Electric cars are posing a particular fire danger to users and technicians.
Last year, TV presenter Richard Hammond escaped with slight injuries after a prototype electric sports car he was driving crashed and was totally destroyed in minutes and earlier this year another electric car crashed in America, was recovered and then burst into flames some time later while in storage.
Now, the Institute of the Motor Industry, which has been lobbying for the introduction of regulation for vehicle technicians working with electrically-propelled vehicles, believes it is vital that training and accreditation is extended to those dealing with the latest automotive technology at the roadside but also including hybrids with a powerful electrical drive system.
The IMI’s recommendations to implement a Licence to Practise for those working on electric and hybrid vehicles now form part of the government’s ‘Road to Zero’ strategy and the IMI is urging roadside and emergency services to ensure their workforces are equally well prepared.
|Steve Nash, Chief Executive at the IMI, said, “In the most recent case, a Tesla battery caught fire again, even after fire services had put the initial blaze out and the vehicle was in storage.
“As motoring technology advances, it is vital that any professional coming into contact with these vehicles has the best possible training.
AA & EVs
|AA President Edmund King said they were aware of special requirements of dealing with EVs, adding, ” For the last three years or so we have had our patrols doing EV courses. Our technicians examine all new EVs that come on the market and send out updates to patrols. We have also discussed this with the IMI.”|
“Of course, there are risks when dealing with petrol and diesel fueled vehicles – electric vehicles aren’t inherently more dangerous. But the reality is that technicians and emergency services have had a lot longer to understand the risks of petrol and diesel fueled vehicles.”
He added, “These professionals are currently operating in an unregulated space and we firmly believe that our proposed Licence to Practise, supported by accreditation schemes, will deliver a higher level of competency, skill and safety for technicians and motorists alike.
|“As we advance towards a zero emission future, the technology that roadside technicians and emergency services will be coming into contact with on a daily basis will change – with high voltage electrics becoming commonplace. But those who aren’t properly trained or equipped will be at risk from serious injury or potentially fatal shock. And it’s important to remember that emergency services don’t make a choice about what vehicles they deal with.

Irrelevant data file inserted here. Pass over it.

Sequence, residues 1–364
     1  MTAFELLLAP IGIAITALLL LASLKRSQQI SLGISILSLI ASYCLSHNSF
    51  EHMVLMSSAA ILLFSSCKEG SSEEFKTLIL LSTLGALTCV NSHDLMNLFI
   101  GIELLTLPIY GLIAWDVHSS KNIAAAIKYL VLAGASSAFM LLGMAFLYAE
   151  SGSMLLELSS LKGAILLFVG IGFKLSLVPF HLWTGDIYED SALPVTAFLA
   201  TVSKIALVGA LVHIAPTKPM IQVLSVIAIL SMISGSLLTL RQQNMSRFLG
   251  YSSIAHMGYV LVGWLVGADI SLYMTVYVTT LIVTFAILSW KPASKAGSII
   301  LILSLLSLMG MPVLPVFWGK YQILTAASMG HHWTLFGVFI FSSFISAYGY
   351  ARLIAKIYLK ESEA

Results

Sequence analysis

“We have lobbied the government to act now to ensure that a regulatory standard or license to practice is introduced for anybody likely to deal with these vehicles. We have put forward detailed proposals for such a regulatory standard and how it can be administered and enforced.”
Major motoring organisations have developed their own procedures for dealing with hybrids and electric vehicles due to energy stored, the connections and materials used. Simple breakdowns or full recovery operations need special approaches.
|The pioneering Nissan Leaf has been tested for crash integrity and passed with flying colours from Spanish safety experts.
Results for the first car to go through the Euro NCAP test programme this year have been released, with the zero-emission Nissan LEAF achieving a five-star Euro NCAP rating for safety.
Matthew Avery, director of research, Thatcham Research highlighted the performance of the Nissan LEAF in impact testing, “Nissan has done a great job considering the additional challenges pure electric propulsion presents.
“Chief amongst those is the additional weight an electric battery brings, which must also be protected in the event of a crash.
“In none of the impact tests did we see any compromise of the battery. In fact, the Nissan LEAF achieved maximum points in the side pole crash test, showing good containment of the battery.”
The UK Thatcham Research centre will be crash testing a Jaguar iPace EV at the end of this year.